If I were 200 years old and thrived on a plant-based diet, the response would probably be, “I’ll have what HE’S having.” I am living the vegan, plant-based lifestyle, and I will be a healthy, robust 80-years old in May; not quite 200 yet.
I now wonder why I didn’t get this holistic message until the age 55? Food habits and tradition are so powerful and so hard to break. When my wife and I talk about being dedicated to health through a commitment to healthy cuisine with others, we often note that it is harder for people to change food habits, than their religion or political beliefs.
I was a depression-era child and our family had a limited budget. A steak on Saturday night fulfilled my dad’s dream (and many others of that era). “Bring home the bacon” the thicker, the bloodier the meat, the more exciting it was. I guess I got lucky with my vegan “awakening,” as I have already buried three siblings who didn’t get the message about living healthfully. Cancer and depression took down my entire wonderful family, including my mom at age 51 who died of Hodgkin’s Disease. Yet thankfully I am still here, going strong at 80!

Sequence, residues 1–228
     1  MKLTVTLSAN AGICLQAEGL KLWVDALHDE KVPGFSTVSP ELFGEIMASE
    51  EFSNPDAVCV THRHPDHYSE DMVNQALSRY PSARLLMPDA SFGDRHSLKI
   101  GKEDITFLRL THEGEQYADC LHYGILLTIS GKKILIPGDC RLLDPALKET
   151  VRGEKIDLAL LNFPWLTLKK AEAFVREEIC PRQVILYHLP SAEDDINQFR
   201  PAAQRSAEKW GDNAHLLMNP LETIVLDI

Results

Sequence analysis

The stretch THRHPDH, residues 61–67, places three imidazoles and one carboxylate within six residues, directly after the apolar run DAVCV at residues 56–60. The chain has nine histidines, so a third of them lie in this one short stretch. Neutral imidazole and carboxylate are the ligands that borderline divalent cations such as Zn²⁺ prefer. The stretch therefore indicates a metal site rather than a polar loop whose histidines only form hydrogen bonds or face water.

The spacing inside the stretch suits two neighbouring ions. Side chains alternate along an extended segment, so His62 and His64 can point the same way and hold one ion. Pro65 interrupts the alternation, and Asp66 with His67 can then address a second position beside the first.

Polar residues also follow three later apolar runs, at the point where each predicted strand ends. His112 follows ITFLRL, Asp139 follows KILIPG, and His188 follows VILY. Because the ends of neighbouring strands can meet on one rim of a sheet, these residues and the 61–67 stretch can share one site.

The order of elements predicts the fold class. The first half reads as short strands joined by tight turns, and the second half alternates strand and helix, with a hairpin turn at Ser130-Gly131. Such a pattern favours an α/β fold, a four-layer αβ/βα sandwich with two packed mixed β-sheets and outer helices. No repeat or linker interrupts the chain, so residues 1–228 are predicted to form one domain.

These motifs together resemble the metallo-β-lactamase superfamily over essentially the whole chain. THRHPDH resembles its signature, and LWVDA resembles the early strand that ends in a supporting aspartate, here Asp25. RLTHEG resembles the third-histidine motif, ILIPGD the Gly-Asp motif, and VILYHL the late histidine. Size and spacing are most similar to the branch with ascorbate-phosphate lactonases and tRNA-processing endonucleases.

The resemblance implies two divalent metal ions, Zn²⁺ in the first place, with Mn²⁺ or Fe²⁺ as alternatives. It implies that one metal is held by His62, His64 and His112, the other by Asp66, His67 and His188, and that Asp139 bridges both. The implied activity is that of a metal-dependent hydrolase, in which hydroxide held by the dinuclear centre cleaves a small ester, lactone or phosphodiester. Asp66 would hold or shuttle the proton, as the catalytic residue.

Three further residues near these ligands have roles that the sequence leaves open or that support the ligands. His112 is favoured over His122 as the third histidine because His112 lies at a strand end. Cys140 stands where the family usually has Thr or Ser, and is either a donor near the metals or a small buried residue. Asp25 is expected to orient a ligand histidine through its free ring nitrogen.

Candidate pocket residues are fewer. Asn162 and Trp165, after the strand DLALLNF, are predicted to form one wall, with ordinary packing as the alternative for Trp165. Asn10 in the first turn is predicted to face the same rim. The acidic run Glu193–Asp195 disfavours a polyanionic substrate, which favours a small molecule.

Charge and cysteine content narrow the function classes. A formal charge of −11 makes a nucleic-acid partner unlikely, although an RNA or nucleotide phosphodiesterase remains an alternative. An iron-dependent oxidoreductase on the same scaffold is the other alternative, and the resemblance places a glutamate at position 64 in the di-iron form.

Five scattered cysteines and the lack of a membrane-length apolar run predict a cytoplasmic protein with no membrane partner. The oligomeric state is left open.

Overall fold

Over 40 years ago I attended two very powerful workshops that I will never forget. One was called “Having a Body to Support Your Purpose in Life.” The other was “How Good Can you Stand it?” Together, both workshops are a metaphor for taking on the responsibility of a life lived full-on, and being healthy. Unfortunately the majority of our society does not get such powerful messages, and ultimately they end up with heart disease, cancer, diabetes, and of course extraordinary obesity.
Our lives operate like a fine-tuned instrument, and we hope not to get in the way of the flow. Yes, we all go bye-bye someday, but we’d be foolish to think that illness is the norm. Life is full of vitality, health and joy, which makes it all worthwhile. I’ve been fortunate to find all of the above, especially the JOY in life. In the end, we are what we eat, and all’s well that eats well.